NCAA, Power 5 Conferences Reach Landmark Settlement To Pay Players

By Jason Hall

May 24, 2024

NCAA General Views
Photo: Getty Images

The NCAA and its power five conferences -- the ACC, Big Ten, Big 12, SEC and Pac-12 -- have reportedly agreed to a landmark settlement in which student-athletes will be paid directly for the first time in the history of college sports, ESPN's Dan Murphy and Pete Thamel reported on Thursday (May 23).

The NCAA will pay more than $2.7 billion in damages over 10 years to past and current players as part of the agreement, which settles three pending federal antitrust cases, sources with knowledge of the situation confirmed to ESPN. The parties also agreed to a revenue-sharing plan in which schools will finance athletes by sharing up to an estimated $20 million per year.

"The five autonomy conferences and the NCAA agreeing to settlement terms is an important step in the continuing reform of college sports that will provide benefits to student-athletes and provide clarity in college athletics across all divisions for years to come," NCAA president Charlie Baker and the five power conference commissioners said in a joint statement Thursday evening via ESPN.

"This settlement is also a road map for college sports leaders and Congress to ensure this uniquely American institution can continue to provide unmatched opportunity for millions of students. All of Division I made today's progress possible, and we all have work to do to implement the terms of the agreement as the legal process continues. We look forward to working with our various student-athlete leadership groups to write the next chapter of college sports."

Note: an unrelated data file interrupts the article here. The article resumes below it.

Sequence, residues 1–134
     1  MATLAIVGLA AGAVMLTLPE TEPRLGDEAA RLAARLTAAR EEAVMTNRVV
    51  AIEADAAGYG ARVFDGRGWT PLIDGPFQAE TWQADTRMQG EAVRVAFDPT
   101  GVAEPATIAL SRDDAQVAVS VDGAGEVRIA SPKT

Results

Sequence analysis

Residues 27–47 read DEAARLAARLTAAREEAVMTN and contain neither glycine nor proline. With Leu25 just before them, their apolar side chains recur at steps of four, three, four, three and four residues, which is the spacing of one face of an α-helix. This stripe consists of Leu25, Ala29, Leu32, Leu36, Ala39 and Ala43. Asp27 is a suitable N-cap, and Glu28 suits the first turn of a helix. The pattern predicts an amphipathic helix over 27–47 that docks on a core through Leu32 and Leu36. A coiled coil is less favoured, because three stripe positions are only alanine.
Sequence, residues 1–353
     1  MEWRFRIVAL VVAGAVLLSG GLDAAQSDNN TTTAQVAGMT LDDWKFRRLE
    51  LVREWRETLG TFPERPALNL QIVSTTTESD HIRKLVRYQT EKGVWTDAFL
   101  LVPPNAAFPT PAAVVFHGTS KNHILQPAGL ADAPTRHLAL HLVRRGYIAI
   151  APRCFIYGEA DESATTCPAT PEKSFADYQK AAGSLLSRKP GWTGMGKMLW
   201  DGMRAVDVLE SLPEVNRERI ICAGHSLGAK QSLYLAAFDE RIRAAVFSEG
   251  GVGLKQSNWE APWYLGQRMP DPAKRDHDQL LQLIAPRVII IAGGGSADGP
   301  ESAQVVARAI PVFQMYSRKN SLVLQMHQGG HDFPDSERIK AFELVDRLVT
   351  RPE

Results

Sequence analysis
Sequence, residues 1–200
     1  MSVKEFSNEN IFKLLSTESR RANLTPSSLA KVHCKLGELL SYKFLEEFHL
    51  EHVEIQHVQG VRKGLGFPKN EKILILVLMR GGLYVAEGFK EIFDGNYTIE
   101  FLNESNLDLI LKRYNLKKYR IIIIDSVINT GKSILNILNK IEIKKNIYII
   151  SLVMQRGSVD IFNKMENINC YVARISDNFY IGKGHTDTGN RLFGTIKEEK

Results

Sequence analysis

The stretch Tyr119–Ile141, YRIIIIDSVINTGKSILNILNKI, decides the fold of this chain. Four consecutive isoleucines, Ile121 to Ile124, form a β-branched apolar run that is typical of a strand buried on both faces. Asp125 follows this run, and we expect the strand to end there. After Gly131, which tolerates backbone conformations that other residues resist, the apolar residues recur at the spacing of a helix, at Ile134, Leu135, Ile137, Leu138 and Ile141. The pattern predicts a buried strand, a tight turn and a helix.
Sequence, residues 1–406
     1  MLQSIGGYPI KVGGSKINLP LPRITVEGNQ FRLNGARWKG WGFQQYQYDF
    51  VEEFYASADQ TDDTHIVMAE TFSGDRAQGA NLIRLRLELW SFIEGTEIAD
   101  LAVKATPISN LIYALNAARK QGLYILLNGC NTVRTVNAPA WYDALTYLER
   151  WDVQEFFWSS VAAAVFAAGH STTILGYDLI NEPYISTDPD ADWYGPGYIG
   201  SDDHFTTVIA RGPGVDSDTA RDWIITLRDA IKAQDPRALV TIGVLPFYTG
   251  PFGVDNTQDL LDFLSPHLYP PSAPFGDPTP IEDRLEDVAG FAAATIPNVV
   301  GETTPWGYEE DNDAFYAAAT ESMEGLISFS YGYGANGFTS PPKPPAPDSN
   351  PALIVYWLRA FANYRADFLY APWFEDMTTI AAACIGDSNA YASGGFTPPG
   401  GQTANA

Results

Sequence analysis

Division I athletes eligible for compensation include those who played at any point since 2016 as part of the settlement, which states that they cannot sue the NCAA for any other personal antitrust violations including the three open cases: House v. NCAA, Hubbard vs. NCAA and Carter v. NCAA. Judge Claudia Wilken, who is presiding over all three cases, must approve the reported settlement agreement, a process that could take several months and, therefore, see schools begin revenue sharing in fall 2025.

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